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Cowansville's Beginnings

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medium_cowansville.jpgEarly Steps in Cowansville's Development
Cowansville's history begins in 1798 with the arrival of the first settler, Jabob Ruiter, the son of a Loyalist. In 1800, Ruiter built a flour mill and sawmill on the south shore of the Yamaska River, near the site of the present bridge on South Street. The mill contributed a lot to the community's economy.In 1805, Ruiter named the place Nelsonville, in honor of British naval hero Lord Horatio Nelson who was killed in action in the battle of Trafalgar on October 21, 1805.

Peter Cowan, a Montreal mechant, arrived in Nelsonville in 1836. At that time, there where only four houses in the village. On February 6, 1841, Cowan opened the first post office in Nelsonville. He named the post office "Cowansville" so that the mail would not get confused with mail going to Nelson, near Hamilton, in Upper Canada (Ontario). Gradually the village came to be known as Cowansville. The first postmaster was H. Barney who quit after the first day. On February 7, 1841, Peter Cowan became the second postmaster. He remained in that position until 1861.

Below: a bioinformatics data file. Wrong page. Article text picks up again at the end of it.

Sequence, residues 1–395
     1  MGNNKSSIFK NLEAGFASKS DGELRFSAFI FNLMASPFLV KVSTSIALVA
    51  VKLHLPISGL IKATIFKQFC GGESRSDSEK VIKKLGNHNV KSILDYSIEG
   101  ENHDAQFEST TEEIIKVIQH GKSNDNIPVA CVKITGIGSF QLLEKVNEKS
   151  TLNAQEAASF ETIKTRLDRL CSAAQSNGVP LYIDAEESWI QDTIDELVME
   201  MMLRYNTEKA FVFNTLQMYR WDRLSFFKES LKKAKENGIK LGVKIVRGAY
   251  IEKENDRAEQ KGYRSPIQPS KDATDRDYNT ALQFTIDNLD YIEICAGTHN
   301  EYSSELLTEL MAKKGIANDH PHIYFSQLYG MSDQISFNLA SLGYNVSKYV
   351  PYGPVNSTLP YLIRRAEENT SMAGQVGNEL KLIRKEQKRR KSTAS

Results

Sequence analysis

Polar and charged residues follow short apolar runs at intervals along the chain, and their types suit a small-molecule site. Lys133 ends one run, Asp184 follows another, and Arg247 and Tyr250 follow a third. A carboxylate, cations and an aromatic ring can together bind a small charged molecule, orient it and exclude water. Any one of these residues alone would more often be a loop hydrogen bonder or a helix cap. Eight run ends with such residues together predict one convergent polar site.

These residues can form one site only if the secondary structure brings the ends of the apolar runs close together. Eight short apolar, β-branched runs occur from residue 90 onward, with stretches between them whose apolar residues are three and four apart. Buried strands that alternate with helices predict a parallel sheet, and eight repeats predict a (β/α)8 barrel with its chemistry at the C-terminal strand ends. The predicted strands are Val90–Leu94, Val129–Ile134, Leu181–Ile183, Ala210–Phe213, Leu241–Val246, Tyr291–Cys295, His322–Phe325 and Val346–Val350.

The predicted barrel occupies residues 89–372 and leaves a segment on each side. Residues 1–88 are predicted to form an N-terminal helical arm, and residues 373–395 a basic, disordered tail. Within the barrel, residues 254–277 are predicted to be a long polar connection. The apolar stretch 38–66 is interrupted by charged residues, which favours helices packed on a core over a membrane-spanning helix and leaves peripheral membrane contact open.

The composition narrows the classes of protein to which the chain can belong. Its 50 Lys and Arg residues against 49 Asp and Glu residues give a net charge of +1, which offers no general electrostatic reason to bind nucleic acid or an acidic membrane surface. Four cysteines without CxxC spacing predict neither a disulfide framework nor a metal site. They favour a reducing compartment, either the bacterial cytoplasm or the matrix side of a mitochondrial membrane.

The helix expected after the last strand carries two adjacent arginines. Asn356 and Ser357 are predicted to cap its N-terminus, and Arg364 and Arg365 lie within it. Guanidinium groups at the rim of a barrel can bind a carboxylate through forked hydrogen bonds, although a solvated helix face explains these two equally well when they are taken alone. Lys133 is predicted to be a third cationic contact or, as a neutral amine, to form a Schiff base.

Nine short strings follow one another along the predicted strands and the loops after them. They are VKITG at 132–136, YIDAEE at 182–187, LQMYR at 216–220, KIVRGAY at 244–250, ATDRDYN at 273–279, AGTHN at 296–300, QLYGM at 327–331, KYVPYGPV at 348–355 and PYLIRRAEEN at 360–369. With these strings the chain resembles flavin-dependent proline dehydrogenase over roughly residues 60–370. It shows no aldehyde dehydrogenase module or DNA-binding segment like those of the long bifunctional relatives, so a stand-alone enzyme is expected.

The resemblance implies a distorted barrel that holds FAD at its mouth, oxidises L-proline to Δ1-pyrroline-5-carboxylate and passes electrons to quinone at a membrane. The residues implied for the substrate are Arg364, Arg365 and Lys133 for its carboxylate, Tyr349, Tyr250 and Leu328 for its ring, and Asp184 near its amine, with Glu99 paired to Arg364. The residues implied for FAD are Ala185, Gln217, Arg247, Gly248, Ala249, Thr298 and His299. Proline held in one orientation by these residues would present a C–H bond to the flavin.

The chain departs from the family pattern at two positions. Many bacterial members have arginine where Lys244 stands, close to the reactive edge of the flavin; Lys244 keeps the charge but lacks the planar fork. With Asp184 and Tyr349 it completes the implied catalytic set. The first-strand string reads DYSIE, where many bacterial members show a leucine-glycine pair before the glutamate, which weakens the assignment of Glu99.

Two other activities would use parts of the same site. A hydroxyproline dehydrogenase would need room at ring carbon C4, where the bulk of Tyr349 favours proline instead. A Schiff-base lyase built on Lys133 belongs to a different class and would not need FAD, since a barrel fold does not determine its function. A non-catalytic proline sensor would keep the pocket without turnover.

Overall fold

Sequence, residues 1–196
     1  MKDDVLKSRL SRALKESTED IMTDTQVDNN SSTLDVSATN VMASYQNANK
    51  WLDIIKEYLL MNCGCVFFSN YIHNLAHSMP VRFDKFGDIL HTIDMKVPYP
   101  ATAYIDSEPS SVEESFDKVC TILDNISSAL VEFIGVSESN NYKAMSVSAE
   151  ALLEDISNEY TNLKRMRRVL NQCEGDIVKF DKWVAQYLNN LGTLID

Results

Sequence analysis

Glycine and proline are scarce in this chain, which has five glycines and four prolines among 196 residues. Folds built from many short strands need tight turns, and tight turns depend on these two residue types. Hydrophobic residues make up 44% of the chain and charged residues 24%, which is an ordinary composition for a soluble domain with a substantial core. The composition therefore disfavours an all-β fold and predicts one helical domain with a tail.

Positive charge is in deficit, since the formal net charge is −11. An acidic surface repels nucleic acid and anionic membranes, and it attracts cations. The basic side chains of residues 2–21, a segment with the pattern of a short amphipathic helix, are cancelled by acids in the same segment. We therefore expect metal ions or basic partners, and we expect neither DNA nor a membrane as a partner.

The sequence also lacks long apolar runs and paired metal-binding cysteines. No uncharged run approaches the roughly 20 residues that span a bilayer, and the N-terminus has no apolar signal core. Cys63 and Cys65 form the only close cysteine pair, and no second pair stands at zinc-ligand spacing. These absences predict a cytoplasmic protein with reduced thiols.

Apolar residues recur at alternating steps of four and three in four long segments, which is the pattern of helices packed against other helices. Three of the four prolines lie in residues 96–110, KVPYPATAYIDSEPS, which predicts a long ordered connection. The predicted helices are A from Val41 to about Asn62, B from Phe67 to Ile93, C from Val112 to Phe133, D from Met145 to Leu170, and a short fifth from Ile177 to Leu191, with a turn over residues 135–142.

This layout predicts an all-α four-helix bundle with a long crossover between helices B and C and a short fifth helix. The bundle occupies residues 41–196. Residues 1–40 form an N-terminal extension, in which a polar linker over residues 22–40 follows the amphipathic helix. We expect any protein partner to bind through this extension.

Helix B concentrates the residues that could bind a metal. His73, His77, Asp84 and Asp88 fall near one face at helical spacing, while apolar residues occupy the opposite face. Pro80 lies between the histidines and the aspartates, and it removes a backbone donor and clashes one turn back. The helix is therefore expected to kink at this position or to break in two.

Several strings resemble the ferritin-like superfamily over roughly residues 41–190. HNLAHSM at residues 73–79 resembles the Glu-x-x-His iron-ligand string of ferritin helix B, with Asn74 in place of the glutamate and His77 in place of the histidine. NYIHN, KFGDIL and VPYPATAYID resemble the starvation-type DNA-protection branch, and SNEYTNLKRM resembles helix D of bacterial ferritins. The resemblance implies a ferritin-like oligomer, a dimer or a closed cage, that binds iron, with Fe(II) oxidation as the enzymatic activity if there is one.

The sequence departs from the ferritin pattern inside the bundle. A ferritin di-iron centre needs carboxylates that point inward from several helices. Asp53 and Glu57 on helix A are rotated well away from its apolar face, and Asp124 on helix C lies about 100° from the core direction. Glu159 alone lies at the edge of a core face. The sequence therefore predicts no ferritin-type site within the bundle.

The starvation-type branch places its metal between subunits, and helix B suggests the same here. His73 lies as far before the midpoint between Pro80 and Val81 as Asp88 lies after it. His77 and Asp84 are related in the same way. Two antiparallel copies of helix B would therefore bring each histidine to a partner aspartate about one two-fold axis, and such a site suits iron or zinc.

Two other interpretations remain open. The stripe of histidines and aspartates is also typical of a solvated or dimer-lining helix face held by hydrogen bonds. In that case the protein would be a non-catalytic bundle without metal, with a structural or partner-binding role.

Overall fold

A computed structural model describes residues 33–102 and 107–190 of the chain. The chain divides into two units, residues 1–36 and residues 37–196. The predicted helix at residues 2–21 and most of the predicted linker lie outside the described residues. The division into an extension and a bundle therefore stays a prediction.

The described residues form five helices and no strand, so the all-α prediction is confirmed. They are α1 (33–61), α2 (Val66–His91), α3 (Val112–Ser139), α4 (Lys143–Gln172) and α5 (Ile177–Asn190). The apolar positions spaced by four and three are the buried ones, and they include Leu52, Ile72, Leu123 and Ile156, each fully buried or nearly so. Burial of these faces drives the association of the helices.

Sweetsburg Court House emerged in 1861.The cases of the Bedford District (Shefford, Brome and Missisquoi) were held there.The village grew quickly thanks in part to the Cowansville Observer, a newspaper founded in 1870. Other events, such as the construction of the South Eastern Railway, linking Montreal to Cowansville, and the establishment of a branch of the Eastern Township Bank, contributed to the town's expansion. The first train of the South Eastern Railway arrived in Cowansville on November 26, 1870 at 5 pm.

On January 1, 1876, the village was incorporated and Cowansville become its official name.